With fewer than 10 games left in the NBA regular season, the MVP race is starting to heat up. Joel Embiid and the Philadelphia 76ers recently followed up an eight-game win streak with three losses in their last four games. Meanwhile, Nikola Jokic and the first-place Nuggets have won three straight.
It all comes to a head Monday night, with the Sixers and Nuggets set to wage battle amidst the high peaks of Colorado. Embiid is currently listed as questionable with calf soreness, but he played on the same injury Saturday night in Phoenix and let me tell you, there’s just no way he misses this game in particular (if he does miss the game, get ready for the “he ducked Jokic!” campaign from Denver fans, which will completely ignore Embiid’s dominant performance against Denver earlier in the season).
The outcome of this game, whether it’s justified or not, could have an outsized impact on the MVP voting in a few weeks’ time. The NBA is a what have you done for me lately kind of league, as my colleague Lucas Johnson likes to say.
Joel Embiid criticizes Nikola Jokic and stakes his MVP claim
All season, Embiid has claimed that he doesn’t care about MVP — that he only cares about winning. On one hand, I think he’s telling the truth. He has slowly and methodically built up his workload all season, taking the cautious approach and making an effort to stay healthy in anticipation of the playoffs.
On the other hand, he clearly cares very much about the MVP award. In a new interview with Shams Charania of The Athletic, Embiid dished out some heavy-hitting opinions on Jokic and the awards criteria, all while lying blatantly about how this season he totally does not care about winning MVP.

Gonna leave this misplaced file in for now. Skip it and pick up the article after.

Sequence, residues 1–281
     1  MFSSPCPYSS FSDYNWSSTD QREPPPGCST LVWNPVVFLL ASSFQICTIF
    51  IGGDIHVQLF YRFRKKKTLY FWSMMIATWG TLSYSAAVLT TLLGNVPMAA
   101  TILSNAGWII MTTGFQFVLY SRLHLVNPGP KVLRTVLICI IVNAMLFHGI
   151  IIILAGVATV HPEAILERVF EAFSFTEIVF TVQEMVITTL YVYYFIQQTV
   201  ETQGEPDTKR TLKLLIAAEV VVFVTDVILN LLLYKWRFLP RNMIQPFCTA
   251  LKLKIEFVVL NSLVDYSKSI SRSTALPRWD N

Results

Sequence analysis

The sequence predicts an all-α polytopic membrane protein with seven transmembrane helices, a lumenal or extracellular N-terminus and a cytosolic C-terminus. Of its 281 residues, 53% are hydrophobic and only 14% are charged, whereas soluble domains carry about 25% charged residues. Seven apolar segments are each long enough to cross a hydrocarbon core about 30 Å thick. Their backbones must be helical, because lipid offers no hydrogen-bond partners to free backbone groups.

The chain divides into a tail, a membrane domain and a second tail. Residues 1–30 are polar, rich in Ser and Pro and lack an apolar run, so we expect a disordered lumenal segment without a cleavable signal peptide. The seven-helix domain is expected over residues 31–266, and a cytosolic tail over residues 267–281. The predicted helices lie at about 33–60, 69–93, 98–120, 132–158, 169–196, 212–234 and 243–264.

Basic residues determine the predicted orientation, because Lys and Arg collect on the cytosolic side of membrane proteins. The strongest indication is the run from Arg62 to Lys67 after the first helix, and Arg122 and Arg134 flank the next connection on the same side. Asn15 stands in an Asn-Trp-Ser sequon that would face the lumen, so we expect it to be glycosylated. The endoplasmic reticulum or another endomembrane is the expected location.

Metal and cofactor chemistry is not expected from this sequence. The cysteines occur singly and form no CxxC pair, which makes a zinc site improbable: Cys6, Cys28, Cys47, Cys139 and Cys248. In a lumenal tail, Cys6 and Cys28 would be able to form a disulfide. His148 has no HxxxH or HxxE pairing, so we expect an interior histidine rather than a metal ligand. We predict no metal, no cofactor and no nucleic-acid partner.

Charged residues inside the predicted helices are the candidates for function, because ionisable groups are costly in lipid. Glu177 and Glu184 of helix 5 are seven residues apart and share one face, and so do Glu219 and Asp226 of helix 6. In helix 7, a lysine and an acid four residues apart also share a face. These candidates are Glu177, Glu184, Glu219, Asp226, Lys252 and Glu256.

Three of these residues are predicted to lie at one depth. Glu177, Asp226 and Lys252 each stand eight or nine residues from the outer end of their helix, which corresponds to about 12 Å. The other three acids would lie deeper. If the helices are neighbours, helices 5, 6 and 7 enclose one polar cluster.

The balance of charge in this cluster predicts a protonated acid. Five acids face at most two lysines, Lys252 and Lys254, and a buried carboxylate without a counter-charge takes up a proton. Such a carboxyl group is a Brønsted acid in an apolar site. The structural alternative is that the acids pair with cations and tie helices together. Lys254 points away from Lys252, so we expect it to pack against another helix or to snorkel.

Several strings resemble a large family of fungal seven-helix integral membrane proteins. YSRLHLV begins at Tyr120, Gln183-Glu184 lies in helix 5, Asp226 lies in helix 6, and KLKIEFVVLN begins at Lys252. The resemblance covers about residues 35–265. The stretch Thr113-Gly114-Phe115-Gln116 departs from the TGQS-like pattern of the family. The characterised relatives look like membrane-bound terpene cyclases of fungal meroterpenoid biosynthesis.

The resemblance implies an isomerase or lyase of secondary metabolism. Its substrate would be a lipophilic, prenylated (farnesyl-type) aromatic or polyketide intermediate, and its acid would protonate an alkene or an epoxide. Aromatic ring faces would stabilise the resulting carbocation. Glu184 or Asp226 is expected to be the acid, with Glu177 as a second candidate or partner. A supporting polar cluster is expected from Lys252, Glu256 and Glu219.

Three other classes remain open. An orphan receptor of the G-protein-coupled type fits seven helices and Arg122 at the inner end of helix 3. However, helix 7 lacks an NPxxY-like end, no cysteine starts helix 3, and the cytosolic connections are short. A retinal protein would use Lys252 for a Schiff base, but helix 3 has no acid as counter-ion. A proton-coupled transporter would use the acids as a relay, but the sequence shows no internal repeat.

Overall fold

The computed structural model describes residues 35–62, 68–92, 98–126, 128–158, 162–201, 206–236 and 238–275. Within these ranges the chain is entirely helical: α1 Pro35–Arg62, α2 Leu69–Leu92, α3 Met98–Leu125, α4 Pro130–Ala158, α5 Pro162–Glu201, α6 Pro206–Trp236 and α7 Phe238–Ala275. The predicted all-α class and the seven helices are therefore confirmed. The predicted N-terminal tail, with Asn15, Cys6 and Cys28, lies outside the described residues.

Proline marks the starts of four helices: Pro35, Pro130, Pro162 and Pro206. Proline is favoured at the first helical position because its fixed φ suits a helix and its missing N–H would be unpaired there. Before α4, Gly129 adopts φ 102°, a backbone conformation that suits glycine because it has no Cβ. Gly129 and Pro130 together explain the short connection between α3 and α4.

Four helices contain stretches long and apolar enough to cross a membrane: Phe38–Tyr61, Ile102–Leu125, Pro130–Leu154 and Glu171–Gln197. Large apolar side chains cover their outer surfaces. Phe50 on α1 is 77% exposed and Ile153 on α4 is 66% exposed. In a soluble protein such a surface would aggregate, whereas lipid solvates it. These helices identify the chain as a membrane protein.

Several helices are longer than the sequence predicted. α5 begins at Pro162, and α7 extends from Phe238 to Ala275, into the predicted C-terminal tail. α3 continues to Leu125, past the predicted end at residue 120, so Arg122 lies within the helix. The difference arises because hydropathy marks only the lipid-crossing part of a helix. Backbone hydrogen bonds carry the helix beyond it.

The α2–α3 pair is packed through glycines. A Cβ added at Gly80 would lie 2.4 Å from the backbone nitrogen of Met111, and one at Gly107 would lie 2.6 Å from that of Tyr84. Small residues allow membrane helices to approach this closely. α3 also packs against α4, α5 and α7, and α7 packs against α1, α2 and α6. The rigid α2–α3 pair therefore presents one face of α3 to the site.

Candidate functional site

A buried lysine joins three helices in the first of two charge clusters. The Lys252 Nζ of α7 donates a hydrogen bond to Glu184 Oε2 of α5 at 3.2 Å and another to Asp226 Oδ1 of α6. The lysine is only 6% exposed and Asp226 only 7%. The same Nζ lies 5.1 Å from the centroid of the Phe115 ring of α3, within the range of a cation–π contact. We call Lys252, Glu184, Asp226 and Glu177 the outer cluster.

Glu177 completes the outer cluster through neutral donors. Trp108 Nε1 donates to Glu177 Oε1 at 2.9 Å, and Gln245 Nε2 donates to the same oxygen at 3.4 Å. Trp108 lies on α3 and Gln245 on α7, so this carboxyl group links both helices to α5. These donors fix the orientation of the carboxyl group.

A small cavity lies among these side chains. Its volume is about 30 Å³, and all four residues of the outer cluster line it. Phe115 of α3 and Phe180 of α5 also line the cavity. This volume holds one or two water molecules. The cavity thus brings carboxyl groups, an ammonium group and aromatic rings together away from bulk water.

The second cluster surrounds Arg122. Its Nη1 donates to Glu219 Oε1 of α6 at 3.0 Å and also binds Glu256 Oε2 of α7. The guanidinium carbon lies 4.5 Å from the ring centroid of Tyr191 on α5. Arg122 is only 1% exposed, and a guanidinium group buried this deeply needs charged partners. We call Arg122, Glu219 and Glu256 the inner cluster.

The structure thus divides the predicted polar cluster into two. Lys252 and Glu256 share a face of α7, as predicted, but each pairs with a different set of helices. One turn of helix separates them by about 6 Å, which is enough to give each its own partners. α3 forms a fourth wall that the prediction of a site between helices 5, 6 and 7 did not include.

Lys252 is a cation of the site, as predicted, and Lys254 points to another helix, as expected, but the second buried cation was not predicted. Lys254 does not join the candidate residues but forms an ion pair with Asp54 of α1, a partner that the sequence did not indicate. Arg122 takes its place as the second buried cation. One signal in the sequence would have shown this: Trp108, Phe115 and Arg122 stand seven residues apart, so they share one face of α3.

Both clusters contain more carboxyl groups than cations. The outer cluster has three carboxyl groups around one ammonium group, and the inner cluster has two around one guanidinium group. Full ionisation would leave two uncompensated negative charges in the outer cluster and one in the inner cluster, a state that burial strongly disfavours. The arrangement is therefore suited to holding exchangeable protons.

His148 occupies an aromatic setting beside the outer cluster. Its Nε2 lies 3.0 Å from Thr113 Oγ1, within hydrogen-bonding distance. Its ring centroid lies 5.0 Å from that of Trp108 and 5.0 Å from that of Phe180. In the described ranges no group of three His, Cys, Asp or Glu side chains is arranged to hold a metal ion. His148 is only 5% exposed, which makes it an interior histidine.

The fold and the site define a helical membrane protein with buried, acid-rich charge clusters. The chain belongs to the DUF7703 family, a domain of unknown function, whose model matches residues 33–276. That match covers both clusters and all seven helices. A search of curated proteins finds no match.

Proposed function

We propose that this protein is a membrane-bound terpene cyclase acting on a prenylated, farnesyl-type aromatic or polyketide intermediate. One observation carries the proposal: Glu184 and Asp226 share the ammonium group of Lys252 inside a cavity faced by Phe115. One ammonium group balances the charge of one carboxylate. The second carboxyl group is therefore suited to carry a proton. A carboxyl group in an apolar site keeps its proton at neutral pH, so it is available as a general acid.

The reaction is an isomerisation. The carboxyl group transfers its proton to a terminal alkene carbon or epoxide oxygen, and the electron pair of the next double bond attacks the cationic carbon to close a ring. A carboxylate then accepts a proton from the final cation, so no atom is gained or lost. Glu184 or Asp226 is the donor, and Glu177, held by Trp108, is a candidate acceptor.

The most inflammatory of Embiid’s comments concerned the NBA’s analytics movement. The Sixers’ All-Star said that using analytics to determine league MVP “doesn’t make sense.” He then cited defensive stats specifically, noting how “some guys” who transparently fail the eye test are evidently quite good on defense according to certain metrics.
That is the most thinly veiled comment of all time, a blatant reference to Embiid’s primary MVP competitor Nikola Jokic. Embiid has taken every opportunity in the past to shower praise on Jokic, but it’s clear that Embiid believes he has the edge as a two-way force.
Embiid also noted how, in his mind, the awards criteria seems to change every season. First, he didn’t play enough games. Then, he did played enough games — and Jokic deserved it, he rather unconvincingly interjects — but Jokic won anyway, despite being the No. 6 seed out West. Now, Embiid has played enough games, the Sixers are neck-and-neck with Denver in the win column, and he is leading the NBA in scoring (again).
There is nothing wrong with wanting to win MVP. In fact, Embiid’s quest for respect and his desire to prove detractors wrong is part of what endears him to the Philly fanbase. Embiid is the beating heart of this Sixers team on the court and he very clearly wants recognition for the amazing things he does every night.
On the flip side, some people will criticize Embiid for openly campaigning for the MVP award when the playoffs (and the ultimate goal of winning a championship) are right around the corner. Embiid claims multiple times in the interview that he’s focused on winning the title, not the MVP, but it’s not hard to read between the lines: I’m focused on winning, but I should definitely also win MVP.
This interview also provides a sizable amount of bulletin board material for Jokic ahead of Monday night’s bout. While Denver fans will claim religiously that Jokic does not care about stats, awards, or his perception around the league, he is only human and he will definitely see these comments. So, perhaps this game will serve as a litmus test for those who believe Jokic is truly above such trivial matters.
Either way, we should be prepared for a potentially historic heavyweight fight.